It's funny. I built and operated these circuits 40 years ago and took the designs, from magiznes and text books, for granted. Now, as I experiment, I can see a lot more thought went into designing than I was aware of.

    My career took a turn many years ago to the electrical power. My emphasis has been automation using AB PLC's, and VFD's , instrumentation and process control. It's still electronics but very little RF , and no tubes!
  5. hevans1944

    hevans1944 Hop - AC8NS

    Jun 21, 2012
    As you noted, no tuned circuits in grid necessary to excite the 6146, although the usual pi matching network is needed to transform the plate impedance down to something a little more useful. My novice xmtr was a crystal-controlled oscillator of course, with some fancy circuitry for the keying that has long since disappeared from what's left of my mind.

    IIRC all a cathode follower needs is AC coupling to the grid, a grid-leak bias resistor from grid to ground, a smallish (50Ω ?) cathode resistor, and maybe 100 to 200 VDC on the plate, perhaps isolated with an RFC and a bypass capacitor. You can capacitive couple the cathode output signal to whatever you want to drive. The grid bias needs to be negative enough to place the plate current somewhere near the middle of its nominal range from minimum to maximum, but I don't remember what is a recommended method to do that. Back in the day, I would have a separate 0A2 gas-tube regulated negative bias supply and a voltage divider to set the grid bias. I am sure there is a simpler solution.

    I found a web page that shows how to bias a cathode follower, being used there as an audio stage for a guitar or speaker application. Should work okay for RF though if the interelectrode capacitances are reasonably low and the frequency isn't too high. It's worth a try to see if it gets you in the ball park.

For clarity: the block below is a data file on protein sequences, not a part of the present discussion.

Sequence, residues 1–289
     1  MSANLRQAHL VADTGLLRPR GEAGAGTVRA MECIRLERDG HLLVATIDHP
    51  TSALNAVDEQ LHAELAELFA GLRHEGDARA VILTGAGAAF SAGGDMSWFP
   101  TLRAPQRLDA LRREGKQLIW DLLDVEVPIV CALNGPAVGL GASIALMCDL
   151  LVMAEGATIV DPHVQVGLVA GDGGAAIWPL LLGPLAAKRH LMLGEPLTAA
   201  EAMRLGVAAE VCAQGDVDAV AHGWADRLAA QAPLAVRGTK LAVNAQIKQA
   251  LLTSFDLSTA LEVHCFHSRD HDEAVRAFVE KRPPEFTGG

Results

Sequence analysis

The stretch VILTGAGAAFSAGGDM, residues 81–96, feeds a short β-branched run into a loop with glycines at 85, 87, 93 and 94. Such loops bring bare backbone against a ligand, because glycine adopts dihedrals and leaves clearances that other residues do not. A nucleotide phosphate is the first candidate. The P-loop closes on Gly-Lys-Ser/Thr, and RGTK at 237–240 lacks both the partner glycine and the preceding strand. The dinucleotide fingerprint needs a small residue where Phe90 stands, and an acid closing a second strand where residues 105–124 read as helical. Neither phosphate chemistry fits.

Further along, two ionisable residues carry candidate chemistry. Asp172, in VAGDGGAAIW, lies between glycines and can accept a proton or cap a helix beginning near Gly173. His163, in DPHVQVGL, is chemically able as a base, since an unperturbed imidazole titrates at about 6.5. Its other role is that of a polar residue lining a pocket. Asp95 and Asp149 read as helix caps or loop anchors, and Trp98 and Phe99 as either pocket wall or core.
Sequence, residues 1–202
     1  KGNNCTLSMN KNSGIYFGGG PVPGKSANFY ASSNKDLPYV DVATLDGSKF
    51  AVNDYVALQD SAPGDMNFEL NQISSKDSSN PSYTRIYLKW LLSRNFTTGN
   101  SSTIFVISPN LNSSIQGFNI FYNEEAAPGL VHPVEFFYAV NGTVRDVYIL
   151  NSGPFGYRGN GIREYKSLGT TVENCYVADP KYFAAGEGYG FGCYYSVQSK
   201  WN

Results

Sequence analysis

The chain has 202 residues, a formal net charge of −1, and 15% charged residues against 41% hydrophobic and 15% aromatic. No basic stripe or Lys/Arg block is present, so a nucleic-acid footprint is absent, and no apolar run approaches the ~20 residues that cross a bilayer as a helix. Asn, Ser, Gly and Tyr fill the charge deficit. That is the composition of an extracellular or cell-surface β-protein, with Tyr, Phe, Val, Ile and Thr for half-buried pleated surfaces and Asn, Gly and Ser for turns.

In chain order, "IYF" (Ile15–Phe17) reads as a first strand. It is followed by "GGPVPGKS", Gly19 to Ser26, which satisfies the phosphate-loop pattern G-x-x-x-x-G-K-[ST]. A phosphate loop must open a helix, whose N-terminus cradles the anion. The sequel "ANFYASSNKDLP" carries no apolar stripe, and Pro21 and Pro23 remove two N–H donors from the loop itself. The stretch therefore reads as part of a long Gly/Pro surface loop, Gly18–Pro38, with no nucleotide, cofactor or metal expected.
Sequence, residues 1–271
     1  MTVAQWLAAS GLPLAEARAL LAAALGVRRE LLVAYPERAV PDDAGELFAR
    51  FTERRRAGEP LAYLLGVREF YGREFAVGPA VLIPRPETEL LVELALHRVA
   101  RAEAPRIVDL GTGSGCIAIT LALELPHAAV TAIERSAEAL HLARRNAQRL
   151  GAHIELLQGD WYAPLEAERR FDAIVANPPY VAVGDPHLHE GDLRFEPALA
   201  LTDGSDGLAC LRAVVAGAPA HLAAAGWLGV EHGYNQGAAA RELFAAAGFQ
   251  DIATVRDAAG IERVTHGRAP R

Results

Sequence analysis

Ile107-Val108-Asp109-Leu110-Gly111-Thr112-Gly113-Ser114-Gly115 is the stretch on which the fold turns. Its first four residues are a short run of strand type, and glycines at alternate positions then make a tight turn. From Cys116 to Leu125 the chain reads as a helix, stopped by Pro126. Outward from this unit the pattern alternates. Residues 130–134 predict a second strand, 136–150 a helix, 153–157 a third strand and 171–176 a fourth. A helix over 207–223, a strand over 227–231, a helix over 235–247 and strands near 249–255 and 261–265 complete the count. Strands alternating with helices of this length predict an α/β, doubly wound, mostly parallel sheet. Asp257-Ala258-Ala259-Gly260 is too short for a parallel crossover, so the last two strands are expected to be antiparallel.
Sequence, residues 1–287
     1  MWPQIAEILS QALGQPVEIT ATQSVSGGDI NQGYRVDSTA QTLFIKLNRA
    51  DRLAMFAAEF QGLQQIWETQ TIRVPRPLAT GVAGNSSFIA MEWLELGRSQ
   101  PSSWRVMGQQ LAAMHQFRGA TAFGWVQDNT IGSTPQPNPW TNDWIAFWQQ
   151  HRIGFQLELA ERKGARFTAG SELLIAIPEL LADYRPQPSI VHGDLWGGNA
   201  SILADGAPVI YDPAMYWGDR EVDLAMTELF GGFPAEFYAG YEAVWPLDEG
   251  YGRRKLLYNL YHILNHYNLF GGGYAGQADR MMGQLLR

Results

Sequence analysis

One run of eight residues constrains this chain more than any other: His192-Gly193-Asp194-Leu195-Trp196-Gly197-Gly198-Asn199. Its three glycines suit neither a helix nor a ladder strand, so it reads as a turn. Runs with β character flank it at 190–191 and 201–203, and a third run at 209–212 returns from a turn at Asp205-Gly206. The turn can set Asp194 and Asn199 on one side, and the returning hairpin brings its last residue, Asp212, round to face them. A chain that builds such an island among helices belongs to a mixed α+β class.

If it weren't so darned cold here, you have almost inspired me to go out to the garage and try to dig out my old homebrew power supply and novice transmitter. OTOH, that power supply is a real boat anchor, so maybe it's best to let that sleeping dog lie and continue to work on stuff whose power supply I can carry in my coat pocket.

    Did you find schematics for your versions of the frequency meters? From your first post I gathered one was Navy and the other was Army, although both were very similar in construction. There is currently some historical interest in this type of World War II electronics surplus equipment, so the documentation is improving as old manuals are resurrected, scanned, and uploaded to the web. I found several on the web, but without knowing which one you have it's impossible to discuss possible additions.


    Sep 23, 2012
    Yes, I have manual for both units, I found on the WEB. I had battery eliminators so I was able to test and fire each unit up. I was suprised how smooth, and how much bandspread are on these units. You can really fine tune the output frequency.

    I bought some transformers, and all parts to build internal permanent supplies on the unit's chassis. I plan to use these so I don't think modifying them with internal supplies is going to hurt. I want to come up with a cathode follower/buffer circuit I can add at the same time; hopefully I can fit it all in the same box.

    I was looking at the HP606B. That unit would be nice to have with it's high output. I loooked at it's shematic to see how they got such a high bufferd output, but it looked a little more complex for me to reverse engineer. At $100 typical, its not a bad price for a good generator. I'll have to keep a look out at the flea markets.
    I vaugely remeber these generators from when I was in the Service.
    I worked on: T195, R392, R390, and GRC-106 which was state of the art i the early 70's.

    I love the "old" equipment with lettering I can read and knobs I can grip to turn. No softkeys and menues, LOL.

    I have a Tek 191 , and a Cushman CE-3 Service monitor for RF signal generators but I thought it would be fun to revive these old military oscillators for something useful and fun to build.